Get yourself a piece of cheap cord/string and tie a super eight in it, next cut one of the loops, then pull on the loop as if it were the master-point. You will notice that both loops fail. The BHK won't do this. Another knot that won't fail this way, uses less rope, and is easier to untie after loading than almost any other knot is the Bowline on a bight. >
You've received some good feedback mixed with some quintessential hilarious MP offshoots. To add my own perspective, I'll start with a reminder that a key feature of climbing is not taking risk, but managing it.
You can climb on this anchor many times and probably not die, especially if it's not rubbing over any edges. If you take home one message from all of this forum, take home the BHK - know it's out there and know it would make your system a little bit better (a LOT better if the master point was around anything sharp, and a good thing to do as a default).
You are wise to practice this in your apartment, and I'm sure you are reading up a bit, but remember that it would be especially wise to connect with someone who has a good deal of experience and shares your level of acceptable risk (a hard thing to judge - how is an aspiring outdoors climber to judge the experience, level-headedness, and quality of instruction of an experienced climber... but that's a topic for another MP discussion). Fiendishly devour the classic textbooks - "Freedom of the Hills", "The Mountaineering Handbook", and "Rock Climbing Anchors" to get your self-education, but remember there is no substitute for climbing with an experienced sensei when it comes to becoming fluent with these skills and thinking about all the contingencies as you're building an anchor on the cliff. MP has a lot of wise people who can give you a lot of good feedback, but it also has a lot of people who may not think like mere mortals and would tell you they'd take a whipper on a girth hitch around a dead log, and so I wouldn't recommend a dear friend try crowdsourcing something as high-stakes as anchor-building skills. One big, major step towards managing risk in climbing is finding a sensei you can trust, and climbing with them again, and again, and again.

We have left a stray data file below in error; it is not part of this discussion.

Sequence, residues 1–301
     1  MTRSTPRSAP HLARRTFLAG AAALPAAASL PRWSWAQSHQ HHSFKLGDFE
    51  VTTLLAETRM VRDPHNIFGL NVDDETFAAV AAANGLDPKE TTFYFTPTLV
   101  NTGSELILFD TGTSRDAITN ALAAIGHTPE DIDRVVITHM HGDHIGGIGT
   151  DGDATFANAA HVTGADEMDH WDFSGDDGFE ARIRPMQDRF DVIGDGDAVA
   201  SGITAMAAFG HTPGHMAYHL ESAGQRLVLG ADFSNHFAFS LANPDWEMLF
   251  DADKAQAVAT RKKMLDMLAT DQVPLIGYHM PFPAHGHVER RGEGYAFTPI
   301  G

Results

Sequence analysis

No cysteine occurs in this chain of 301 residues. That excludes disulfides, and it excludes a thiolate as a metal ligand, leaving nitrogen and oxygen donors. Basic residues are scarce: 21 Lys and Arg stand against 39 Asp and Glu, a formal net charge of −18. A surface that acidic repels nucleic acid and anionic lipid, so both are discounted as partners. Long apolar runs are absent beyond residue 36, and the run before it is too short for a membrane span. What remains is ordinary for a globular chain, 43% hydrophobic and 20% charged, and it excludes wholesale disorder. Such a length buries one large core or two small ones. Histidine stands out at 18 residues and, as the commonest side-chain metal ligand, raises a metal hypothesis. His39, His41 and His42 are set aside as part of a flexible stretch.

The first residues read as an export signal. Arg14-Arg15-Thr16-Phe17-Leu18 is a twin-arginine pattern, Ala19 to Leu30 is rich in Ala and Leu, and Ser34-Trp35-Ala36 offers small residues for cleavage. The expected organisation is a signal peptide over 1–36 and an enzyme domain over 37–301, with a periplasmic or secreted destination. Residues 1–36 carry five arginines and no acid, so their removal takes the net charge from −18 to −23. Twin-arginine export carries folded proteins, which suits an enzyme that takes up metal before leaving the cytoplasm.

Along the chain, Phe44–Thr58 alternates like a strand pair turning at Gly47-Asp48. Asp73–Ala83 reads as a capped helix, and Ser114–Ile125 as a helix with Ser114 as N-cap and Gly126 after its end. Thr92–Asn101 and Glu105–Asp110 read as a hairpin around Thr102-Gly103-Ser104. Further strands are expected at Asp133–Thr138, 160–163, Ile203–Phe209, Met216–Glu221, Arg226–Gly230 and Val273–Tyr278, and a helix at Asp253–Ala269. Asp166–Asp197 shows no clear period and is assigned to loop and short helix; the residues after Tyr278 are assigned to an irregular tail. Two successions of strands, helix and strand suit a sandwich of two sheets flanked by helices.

Otherwise, your anchor looks good. I would take a whipper on that ;-D.
I did just as MTKirk suggested. I tied a piece of twine into a super eight, cut one of the loops, and weighted the other (with my finger). One of the cut strands pulled through the knot and the remaining loop failed.
Edited for tone.
So when you cut one loop of the two "bunny ears", looks like the remaining loop, and how it's threaded through the rest of the 8 is similar in form to the finish of a bowline. Which is secure, generally, if you remember to finish it. Pull tests showing evidence of failure? Personal experience?